Acoustic absorption refers to the process by which a material, structure, or object takes in sound energy when sound waves are encountered, as opposed to reflecting the energy. Part of the absorbed energy is transformed into heat and part is transmitted through the absorbing body. The energy transformed into heat is said to have been 'lost'.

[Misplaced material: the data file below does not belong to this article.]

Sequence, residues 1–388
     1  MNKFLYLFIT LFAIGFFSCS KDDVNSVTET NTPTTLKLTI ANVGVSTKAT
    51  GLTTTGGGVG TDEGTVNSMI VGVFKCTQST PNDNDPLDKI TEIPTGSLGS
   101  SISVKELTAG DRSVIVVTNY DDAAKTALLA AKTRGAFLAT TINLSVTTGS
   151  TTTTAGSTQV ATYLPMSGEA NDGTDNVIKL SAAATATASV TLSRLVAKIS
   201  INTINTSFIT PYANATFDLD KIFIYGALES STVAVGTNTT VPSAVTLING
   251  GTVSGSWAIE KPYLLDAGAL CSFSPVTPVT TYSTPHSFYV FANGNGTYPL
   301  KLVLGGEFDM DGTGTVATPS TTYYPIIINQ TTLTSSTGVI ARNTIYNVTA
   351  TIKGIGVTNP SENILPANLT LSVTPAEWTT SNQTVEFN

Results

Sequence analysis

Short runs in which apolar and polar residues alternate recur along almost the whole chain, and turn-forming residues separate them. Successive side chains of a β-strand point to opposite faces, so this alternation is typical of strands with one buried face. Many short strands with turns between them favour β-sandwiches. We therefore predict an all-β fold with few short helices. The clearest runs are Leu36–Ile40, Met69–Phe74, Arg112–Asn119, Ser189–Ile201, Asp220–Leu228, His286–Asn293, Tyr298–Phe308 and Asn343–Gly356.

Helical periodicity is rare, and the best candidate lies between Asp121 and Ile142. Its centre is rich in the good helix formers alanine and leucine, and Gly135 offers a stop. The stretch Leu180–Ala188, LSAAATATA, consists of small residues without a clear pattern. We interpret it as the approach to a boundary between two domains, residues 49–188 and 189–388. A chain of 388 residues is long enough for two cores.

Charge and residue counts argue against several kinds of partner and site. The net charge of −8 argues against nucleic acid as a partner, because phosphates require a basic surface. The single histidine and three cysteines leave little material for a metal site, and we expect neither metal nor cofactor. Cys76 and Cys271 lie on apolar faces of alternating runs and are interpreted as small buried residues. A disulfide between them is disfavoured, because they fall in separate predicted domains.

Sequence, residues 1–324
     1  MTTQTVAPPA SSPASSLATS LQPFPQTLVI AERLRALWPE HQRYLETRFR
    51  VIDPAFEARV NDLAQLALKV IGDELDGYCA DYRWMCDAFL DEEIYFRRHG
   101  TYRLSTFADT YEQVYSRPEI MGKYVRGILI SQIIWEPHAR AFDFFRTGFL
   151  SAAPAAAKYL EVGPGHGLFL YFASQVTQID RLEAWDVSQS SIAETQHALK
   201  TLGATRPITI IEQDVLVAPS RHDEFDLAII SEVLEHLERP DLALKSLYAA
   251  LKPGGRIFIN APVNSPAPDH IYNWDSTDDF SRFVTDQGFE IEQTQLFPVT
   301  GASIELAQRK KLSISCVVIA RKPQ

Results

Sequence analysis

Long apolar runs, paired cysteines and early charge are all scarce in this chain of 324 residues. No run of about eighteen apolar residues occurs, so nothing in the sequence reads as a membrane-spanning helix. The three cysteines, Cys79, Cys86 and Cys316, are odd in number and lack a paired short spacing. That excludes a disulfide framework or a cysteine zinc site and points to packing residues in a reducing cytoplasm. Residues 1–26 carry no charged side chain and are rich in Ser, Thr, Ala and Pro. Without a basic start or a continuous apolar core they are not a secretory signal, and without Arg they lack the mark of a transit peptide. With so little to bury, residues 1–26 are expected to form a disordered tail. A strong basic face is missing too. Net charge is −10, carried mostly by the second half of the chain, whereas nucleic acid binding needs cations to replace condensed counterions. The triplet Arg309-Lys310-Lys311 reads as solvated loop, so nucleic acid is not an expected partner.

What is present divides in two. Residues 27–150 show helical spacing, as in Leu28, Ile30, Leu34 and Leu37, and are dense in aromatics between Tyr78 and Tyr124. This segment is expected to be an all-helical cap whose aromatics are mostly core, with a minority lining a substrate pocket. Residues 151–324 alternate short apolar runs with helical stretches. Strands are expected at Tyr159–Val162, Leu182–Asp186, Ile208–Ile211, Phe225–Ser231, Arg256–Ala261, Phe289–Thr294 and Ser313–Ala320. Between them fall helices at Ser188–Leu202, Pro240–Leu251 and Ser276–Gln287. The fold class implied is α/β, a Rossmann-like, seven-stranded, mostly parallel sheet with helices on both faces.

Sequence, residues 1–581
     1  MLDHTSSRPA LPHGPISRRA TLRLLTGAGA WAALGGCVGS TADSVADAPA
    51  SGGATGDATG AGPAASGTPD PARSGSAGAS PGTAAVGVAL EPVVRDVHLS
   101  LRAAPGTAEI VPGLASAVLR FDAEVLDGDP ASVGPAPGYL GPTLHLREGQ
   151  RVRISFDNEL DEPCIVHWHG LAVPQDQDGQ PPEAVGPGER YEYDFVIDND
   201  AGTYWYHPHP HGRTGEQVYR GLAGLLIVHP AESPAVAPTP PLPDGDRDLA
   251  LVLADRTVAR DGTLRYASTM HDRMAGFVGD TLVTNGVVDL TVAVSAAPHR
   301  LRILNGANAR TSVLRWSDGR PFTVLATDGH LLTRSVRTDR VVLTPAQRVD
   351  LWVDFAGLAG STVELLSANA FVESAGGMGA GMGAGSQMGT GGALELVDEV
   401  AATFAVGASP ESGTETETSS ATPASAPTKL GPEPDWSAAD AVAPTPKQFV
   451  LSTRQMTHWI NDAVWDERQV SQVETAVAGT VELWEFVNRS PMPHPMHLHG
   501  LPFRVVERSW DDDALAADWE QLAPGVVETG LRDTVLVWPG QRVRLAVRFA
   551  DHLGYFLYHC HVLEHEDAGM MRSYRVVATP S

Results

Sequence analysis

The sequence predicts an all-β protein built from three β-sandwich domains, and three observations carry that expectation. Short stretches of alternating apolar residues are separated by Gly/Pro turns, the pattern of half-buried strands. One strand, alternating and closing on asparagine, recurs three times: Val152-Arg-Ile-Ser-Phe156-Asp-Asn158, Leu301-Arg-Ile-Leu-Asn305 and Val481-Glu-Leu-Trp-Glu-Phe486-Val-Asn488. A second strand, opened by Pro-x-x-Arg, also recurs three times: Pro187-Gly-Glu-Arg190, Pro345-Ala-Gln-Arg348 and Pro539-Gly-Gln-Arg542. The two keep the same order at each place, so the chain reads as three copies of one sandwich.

When sound from a loudspeaker collides with the walls of a room part of the sound's energy is reflected, part is transmitted, and part is absorbed into the walls. Just as the acoustic energy was transmitted through the air as pressure differentials (or deformations), the acoustic energy travels through the material which makes up the wall in the same manner. Deformation causes mechanical losses via conversion of part of the sound energy into heat, resulting in acoustic attenuation, mostly due to the wall's viscosity. Similar attenuation mechanisms apply for the air and any other medium through which sound travels. If you have any queries, you can contact the office on 01937 588 226.